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Spartanburg trails recover from tornado, flood damage
Published by the Spartanburg Herald Journal; to view the full article, click here.
While many areas of the city affected by the tornado and massive rainfall that accompanied it are quite noticeable as one drives through town, others are a bit more hidden. One of these hidden areas is Spartanburg Area Conservancy’s Cottonwood Trail.
As Clay McDonough, the organization’s director of special projects, led the way from the main entrance to the boardwalk, he remarked on how much work has already been done to repair the now nearly unrecognizable trail.
“Lynn Rhodes, he is the caretaker of this property, and he has been working every day since the storm to try to make it safer. That’s why we didn’t have to crawl across a dozen or so down limbs and two or three trees, and why this culvert is actually back where it belongs, instead of over there in the trees,” McDonough said.
Damage was severe on SPACE’s Cottonwood Trail, which is now covered in sand as far as the eye can see, left behind as the river receded. What was once a green forest now looks a lot more like a beach. However, while the amount of sand may be shocking at first, McDonough said it’s actually to be expected.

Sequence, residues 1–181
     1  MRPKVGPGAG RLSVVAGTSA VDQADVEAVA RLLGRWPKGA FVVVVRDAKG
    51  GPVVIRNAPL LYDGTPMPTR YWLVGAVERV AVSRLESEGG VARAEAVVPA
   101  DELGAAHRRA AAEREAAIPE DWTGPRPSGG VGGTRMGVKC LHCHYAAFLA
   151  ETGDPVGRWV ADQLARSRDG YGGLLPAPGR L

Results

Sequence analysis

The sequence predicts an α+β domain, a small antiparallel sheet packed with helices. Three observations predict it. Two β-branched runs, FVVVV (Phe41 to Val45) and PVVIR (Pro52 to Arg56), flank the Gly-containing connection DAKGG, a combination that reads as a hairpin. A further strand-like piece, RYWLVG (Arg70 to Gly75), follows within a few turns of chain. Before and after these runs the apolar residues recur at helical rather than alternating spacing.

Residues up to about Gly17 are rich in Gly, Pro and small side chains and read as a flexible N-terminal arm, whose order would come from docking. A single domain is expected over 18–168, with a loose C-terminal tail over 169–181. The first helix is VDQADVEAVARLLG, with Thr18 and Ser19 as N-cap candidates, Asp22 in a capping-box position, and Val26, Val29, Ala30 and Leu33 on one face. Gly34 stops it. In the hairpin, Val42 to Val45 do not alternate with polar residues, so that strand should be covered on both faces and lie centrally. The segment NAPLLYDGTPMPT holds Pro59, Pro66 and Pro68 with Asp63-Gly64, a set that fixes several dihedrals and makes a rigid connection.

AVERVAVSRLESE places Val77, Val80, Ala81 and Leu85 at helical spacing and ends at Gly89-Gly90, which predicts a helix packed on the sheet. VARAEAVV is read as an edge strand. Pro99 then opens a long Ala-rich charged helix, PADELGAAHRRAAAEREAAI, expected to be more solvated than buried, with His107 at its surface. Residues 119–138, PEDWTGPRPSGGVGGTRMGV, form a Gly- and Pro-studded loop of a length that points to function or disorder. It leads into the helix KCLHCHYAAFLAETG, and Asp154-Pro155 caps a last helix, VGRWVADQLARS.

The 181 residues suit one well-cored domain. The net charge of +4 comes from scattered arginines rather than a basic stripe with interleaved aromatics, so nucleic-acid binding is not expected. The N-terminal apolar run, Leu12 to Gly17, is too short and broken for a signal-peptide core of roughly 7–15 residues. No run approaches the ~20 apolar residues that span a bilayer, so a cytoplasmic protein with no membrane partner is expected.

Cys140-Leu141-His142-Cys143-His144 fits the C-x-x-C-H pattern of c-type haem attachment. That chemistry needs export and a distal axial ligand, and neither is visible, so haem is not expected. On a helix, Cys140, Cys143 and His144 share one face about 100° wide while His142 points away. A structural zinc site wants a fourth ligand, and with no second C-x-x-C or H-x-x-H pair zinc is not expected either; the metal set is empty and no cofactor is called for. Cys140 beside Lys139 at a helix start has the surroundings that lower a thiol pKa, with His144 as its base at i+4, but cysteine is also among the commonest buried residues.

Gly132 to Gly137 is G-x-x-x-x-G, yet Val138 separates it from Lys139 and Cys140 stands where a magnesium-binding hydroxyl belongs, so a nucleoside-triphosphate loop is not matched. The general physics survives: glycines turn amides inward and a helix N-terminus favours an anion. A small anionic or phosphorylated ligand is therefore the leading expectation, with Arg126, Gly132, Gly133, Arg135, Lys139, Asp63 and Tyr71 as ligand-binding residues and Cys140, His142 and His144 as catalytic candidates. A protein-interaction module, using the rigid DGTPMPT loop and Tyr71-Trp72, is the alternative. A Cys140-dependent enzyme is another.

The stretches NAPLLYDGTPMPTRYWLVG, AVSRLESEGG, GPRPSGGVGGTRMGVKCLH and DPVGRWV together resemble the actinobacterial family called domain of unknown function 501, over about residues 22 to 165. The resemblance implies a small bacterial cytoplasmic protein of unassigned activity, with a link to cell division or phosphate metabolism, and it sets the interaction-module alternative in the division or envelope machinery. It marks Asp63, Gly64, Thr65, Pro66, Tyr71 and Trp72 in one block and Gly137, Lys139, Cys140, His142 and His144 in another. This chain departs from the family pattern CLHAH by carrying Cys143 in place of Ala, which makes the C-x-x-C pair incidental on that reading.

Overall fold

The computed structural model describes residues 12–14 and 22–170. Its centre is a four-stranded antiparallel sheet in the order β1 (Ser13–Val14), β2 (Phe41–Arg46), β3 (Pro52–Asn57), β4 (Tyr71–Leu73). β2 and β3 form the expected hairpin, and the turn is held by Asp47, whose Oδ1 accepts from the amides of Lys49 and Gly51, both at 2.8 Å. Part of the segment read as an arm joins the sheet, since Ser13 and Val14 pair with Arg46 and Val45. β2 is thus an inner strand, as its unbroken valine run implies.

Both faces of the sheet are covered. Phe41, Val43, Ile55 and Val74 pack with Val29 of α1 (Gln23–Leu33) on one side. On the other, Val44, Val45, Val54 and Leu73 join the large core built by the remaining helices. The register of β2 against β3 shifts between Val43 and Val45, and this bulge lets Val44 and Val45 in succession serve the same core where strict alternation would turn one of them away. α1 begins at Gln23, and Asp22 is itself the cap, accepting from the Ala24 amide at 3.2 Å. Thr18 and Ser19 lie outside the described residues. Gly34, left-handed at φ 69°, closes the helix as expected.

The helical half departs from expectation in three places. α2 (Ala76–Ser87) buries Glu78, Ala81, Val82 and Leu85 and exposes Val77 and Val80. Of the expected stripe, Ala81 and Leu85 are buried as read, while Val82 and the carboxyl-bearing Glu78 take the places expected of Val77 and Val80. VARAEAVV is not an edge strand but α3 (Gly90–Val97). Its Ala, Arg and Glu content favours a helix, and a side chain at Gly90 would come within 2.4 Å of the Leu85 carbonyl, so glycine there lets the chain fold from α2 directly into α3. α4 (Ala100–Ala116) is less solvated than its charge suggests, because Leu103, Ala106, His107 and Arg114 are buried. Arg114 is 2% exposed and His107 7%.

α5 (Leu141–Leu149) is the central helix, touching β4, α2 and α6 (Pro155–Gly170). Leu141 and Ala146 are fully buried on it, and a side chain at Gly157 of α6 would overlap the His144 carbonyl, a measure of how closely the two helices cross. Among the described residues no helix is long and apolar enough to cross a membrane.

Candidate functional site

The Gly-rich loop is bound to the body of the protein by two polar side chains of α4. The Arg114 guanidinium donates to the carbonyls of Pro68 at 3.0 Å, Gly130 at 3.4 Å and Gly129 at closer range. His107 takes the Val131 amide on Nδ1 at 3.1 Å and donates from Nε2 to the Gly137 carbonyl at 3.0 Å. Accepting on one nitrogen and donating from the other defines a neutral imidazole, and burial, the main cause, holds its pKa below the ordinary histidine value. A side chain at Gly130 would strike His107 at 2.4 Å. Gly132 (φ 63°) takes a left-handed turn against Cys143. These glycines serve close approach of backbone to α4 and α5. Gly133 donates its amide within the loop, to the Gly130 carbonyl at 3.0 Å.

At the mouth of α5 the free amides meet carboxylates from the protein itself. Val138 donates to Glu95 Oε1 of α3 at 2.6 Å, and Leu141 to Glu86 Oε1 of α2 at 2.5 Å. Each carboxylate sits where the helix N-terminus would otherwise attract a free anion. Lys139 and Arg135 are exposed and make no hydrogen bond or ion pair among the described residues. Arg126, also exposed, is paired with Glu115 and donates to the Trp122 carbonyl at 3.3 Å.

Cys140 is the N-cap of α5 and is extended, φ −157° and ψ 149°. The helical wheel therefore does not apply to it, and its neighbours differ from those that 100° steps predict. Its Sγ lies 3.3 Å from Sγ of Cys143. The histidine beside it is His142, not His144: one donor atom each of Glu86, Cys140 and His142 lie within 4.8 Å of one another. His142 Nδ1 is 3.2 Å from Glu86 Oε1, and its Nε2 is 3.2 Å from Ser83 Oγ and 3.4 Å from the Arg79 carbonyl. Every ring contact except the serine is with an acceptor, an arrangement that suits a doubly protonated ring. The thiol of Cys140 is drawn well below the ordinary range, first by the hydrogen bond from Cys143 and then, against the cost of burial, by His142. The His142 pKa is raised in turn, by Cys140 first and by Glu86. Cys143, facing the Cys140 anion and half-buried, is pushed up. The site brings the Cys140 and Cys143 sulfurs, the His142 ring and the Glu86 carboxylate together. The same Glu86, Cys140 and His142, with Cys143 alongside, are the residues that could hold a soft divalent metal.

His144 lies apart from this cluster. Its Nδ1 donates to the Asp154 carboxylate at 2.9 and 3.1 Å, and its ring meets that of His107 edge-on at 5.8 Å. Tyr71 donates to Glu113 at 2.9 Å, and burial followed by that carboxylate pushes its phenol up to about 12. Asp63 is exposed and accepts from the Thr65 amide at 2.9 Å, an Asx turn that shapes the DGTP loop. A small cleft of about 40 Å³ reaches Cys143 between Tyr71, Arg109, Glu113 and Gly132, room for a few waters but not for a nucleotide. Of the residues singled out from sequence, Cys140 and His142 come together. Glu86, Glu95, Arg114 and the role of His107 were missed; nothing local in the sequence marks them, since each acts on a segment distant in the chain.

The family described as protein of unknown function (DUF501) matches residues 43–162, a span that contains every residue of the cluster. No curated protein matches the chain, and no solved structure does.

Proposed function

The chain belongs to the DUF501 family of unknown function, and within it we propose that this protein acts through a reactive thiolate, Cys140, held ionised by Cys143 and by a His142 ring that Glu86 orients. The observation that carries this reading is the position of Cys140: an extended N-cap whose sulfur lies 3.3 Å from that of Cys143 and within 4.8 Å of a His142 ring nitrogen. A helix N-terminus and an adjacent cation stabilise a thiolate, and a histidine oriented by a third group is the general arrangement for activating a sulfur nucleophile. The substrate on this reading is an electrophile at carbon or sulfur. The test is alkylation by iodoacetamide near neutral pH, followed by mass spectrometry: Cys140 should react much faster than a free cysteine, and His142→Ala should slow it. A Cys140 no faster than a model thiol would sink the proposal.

“The Cottonwood Trail property did its job in this storm,” McDonough said. “It’s in a floodplain and provides a buffer for the neighborhoods, this huge natural buffer. If the Cottonwood Trail System, the preserve, weren’t here, if we didn’t conserve this land, many more houses would have flooded. So it stinks because we have trail damage, right? We’ve got to come out here and repair things and it gets a little dangerous and it’s ugly, but the truth is this kind of natural space is amazing at absorbing the brunt of the hit.”
Due to the river, which has doubled in width since the storm due to extreme bank erosion, coursing down the trails two weeks ago, the trails are currently uneven, with small sinkholes and washout where the trail’s culverts were washed out. There are also a number of trees down throughout the preserve and loose branches that pose a hazard to those using the trail.
“In the 30 acres that is considered the Highlands Trail, we lost 50 percent of the trees on that trail, which probably equates to 10 percent or less of the total trees on the whole trail system,” McDonough said.
SPACE board member Kathryn Harvey said that the trail sustained an estimated $30,000 of damage.